Managing the Cost of Cancer: How Christine Helps Our Patients

Oct 20 2023

“Cancer” can be a terrifying word. As one of the leading causes of death in the United States, it is a devastating diagnosis. Beyond its impacts on your health, this disease can also lead to fears of financial ruin. The American Medical Association reports cancer patients pay $16 billion out-of-pocket annually for cancer treatment.

“I have come across numerous patients who have put off their health care because they had a fear of an inability to pay,” Christine Williams, a financial navigator with Mercy Health – Springfield Regional Cancer Center, shares. “I think it’s one of the reasons I’m so passionate about what I do, because we have all of these avenues to help cover those costs so you can get the care you need.”

Christine is one of our ministry’s financial navigators – team members tasked with helping patients find ways to limit the financial burden cancer can create.

“We are an advocate for the patient,” Christine adds. “We review their chart, determine what their coverage is, then find any avenue to help cover costs, regardless of how small or large it may be. Cancer is a very scary thing to have to deal with, but the last thing someone facing that diagnosis should have to deal with is ‘How am I going to afford this?’ or ‘What bill am I not paying?’”

Navigators find copay cards along with grant money to help cover treatment costs. Pursuant to its charitable mission, our ministry also helps patients by directly lowering their out-of-pocket costs for things like medications and other related treatment costs. It’s a service that Cindi Leathers calls priceless.

“I’ve been to the hospital, to doctors’ offices, and I’ve even had surgery, but we’d never seen anything like this,” she shares. “I knew it was expensive – had heard people say it was, but I had no idea. Christine took me in, explained everything, showed me all the paperwork. I don’t know what we would have done without her.”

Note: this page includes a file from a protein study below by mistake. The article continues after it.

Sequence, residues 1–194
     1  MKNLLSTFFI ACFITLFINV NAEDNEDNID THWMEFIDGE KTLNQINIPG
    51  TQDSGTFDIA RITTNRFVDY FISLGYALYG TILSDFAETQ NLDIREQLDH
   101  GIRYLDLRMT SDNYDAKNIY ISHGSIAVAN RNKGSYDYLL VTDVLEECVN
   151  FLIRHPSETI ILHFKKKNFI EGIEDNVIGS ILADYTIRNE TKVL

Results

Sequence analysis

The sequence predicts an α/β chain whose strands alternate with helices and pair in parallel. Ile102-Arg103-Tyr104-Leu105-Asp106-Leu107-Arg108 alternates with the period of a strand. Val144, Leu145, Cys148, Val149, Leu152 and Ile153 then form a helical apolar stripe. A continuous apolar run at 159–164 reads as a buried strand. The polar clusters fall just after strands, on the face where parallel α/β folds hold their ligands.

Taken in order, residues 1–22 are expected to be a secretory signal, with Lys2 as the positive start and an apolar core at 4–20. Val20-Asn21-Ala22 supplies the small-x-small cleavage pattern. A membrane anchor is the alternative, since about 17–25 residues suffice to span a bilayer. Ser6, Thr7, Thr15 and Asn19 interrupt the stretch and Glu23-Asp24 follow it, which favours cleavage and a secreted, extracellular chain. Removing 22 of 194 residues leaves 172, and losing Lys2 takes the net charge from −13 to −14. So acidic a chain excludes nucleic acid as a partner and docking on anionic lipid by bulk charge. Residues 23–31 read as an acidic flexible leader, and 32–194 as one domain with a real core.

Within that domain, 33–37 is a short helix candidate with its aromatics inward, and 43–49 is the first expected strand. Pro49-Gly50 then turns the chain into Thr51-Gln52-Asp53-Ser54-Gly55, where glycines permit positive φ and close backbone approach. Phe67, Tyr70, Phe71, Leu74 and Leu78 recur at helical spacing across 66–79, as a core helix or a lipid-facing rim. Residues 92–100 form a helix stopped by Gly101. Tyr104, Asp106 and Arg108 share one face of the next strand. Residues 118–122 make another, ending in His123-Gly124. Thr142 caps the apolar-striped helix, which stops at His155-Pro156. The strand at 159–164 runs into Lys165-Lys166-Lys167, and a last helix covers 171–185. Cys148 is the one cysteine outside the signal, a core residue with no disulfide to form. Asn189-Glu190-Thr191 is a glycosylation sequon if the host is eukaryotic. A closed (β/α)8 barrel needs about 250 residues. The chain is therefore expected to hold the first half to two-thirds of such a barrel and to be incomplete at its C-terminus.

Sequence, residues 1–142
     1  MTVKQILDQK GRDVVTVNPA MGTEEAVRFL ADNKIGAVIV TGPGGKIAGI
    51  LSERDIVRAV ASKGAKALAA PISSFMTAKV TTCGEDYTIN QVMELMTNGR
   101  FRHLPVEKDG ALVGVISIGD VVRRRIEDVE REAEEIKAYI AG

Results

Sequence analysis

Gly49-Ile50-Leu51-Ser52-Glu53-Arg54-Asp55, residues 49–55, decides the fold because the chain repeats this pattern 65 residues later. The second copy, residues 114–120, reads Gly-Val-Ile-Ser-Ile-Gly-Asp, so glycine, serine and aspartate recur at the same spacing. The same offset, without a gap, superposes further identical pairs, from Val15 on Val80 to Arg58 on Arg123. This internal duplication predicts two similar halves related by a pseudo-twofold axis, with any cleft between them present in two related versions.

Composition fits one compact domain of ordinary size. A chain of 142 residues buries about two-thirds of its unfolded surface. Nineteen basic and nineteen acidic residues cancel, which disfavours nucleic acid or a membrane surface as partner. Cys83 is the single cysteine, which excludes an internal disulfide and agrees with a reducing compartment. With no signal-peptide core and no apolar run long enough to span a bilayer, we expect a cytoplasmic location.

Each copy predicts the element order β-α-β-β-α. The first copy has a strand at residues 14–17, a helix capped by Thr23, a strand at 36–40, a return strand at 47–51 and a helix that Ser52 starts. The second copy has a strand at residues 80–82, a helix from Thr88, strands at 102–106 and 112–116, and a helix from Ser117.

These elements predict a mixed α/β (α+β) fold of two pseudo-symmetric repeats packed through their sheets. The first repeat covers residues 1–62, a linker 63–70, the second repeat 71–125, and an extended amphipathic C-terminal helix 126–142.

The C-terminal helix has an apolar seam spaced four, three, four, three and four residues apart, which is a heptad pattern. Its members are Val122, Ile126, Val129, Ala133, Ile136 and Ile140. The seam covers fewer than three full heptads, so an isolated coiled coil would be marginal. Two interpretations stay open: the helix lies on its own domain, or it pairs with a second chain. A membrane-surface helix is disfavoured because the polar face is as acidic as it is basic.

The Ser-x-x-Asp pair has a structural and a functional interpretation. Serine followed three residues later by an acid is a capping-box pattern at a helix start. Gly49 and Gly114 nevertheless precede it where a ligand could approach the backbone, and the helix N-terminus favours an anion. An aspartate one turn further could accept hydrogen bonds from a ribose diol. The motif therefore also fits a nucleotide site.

Cindi’s husband of nearly 39 years, Lawrence, was diagnosed with kidney cancer in January of 2022. The pair ended up at the Mercy Health – Springfield Regional Cancer Center as part of his ongoing treatment plan. They say it was there Christine became their guardian angel before they even knew they needed one.

“We were at the Cancer Center, and they were giving us all these names for people who could help with different things, and Christine was one of the names that came up. However, before I even was able to register all this information, she was calling me, and she’d already started working on it. God love her, she just stepped right in and took care of us.”

Christine helped find ways to cover the costs associated with Lawrence’s immunotherapy treatments. Then, when doctors found another cancerous nodule in his lung cavity in 2023, she came through for the couple again.

“He was put on chemo pills that were going to cost about $3,800 for just 15 pills,” Cindi recalls. “I went to her and said, ‘I can’t do this, but I’ve got to keep him alive!’ She got it all set up to where it doesn’t cost us a dime. I don’t know how she did it, but I thank God that she did. We truly couldn’t have done it without Christine’s help.”

So far in 2023, the Mercy Health – Springfield Regional Cancer Center has provided nearly $1.9 million in free infusion drugs, free oral drugs and/or copay assistance to 88 of its patients.

That breaks down to an average savings of more than $21,000 per patient. And cutting costs for these patients may also pay off for other patients in the long run.

“My job is to help patients, but it’s also loss recovery for the hospital,” Christine explains. “Unfortunately, oncology medications are very, very costly, and if we’re not helping patients manage this, they’re either not seeking care, facing outrageous debt or it’s a loss of revenue for the hospital because we won’t turn patients away. Still, just like any business, there’s a cost to keep the lights on. So, anytime we can decrease costs in one area, we can put those resources back into the hospital in other ways – maybe it’s new chairs for the waiting room or some other things to help improve patient care.”

Learn more about the cancer care services we provide at Mercy Health.  

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